Automobili Pininfarina’s Battista produces 1,874hp and 2,300 Nm of torque from its 4 electric motors powered by a 120kWh battery, sending power to all four wheels and accelerating it to 100 km/h in less than 2 seconds. 

One of the fastest electric vehicles in the world today was unveiled at the Geneva International Motor Show by Italian design house, Pininfarina. With over 90 years of experience designing cars, the brand deems this particular model worthy of receiving the name of the brand’s founder, Battista “Pinin” Farina, similar to what Ferrari did back in 2002 with its Ferrari F60, better known as the Ferrari Enzo. 

To put the specs into perspective, the Tesla Model X and Model S cars are fitted with a 100kWh battery. Do note that Teslas, when put into their performance mode, have 0 to 100 km/h times the can rival most sports cars and some supercars. With 20 more kilowatts to boot, the Battista will boast ludicrous acceleration.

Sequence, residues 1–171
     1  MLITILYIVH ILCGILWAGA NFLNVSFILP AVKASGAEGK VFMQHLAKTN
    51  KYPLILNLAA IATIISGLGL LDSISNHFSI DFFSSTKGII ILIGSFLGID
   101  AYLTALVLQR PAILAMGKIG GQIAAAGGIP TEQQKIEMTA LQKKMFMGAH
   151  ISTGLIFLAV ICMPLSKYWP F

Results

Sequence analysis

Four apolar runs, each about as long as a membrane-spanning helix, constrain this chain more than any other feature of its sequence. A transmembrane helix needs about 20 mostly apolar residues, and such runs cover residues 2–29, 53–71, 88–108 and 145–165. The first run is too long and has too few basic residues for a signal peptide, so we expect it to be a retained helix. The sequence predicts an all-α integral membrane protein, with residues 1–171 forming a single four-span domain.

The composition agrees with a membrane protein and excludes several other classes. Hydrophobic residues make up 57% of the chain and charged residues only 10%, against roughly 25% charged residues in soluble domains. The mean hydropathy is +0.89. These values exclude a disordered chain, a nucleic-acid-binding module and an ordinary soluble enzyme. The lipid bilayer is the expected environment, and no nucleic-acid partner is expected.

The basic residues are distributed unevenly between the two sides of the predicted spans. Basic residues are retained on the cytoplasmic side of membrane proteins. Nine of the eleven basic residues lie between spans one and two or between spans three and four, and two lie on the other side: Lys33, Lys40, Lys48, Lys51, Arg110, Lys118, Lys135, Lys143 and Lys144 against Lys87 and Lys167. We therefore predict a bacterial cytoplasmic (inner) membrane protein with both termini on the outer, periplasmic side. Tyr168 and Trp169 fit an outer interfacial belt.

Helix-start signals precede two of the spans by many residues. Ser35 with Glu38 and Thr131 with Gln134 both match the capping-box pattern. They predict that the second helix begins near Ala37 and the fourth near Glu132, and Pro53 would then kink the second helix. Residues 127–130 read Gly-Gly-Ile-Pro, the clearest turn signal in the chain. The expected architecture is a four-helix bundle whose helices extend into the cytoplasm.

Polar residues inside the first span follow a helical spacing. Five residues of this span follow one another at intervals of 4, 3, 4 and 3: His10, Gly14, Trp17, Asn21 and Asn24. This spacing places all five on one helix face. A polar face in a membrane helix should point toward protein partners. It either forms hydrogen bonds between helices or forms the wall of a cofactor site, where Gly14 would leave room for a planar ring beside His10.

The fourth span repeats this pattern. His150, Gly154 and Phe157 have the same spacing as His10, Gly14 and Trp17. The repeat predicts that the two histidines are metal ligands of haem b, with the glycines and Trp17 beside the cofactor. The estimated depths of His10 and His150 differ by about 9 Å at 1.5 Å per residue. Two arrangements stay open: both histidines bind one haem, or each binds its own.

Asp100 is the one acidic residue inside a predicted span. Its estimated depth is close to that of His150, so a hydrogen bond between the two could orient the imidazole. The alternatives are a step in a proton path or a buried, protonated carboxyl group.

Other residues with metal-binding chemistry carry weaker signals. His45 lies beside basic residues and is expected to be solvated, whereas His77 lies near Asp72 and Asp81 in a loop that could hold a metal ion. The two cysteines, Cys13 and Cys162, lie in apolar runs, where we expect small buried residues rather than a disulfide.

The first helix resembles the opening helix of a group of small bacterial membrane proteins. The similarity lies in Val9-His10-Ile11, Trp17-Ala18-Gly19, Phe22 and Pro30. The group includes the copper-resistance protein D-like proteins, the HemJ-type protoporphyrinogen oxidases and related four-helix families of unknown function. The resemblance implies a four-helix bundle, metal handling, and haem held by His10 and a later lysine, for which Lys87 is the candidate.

What is also impressive about the Battista is the range that the Italian design house stated. The car should be able to last 280 miles, or 450 km on a single charge according to Pininfarina. However, with a car like this, it is hard to imagine anyone taking their sweet time with almost 2,000 horses ready to gallop at the press of a pedal. 


The interior of the EV is dominated by smooth lines and flowing curves. The obvious stand out feature is the instrumentation that Pininfarina has implemented for the driver. There are three screens on the driver’s side. Two large screens flank a small center screen that acts as your speedometer. The other screens display other information such as navigation and data about the car. 

The model will only have 150 units for sale worldwide, with a price tag that will be about two million dollars a piece. Pininfarina has been a design house for most of its life. Ferrari often went to Pininfarina to design some of its cars, so as a result, the design language utilized in the Battista seems familiar to most Italian supercars. You can see the Battista coming, but you won't hear it overtaking you on the highway. 

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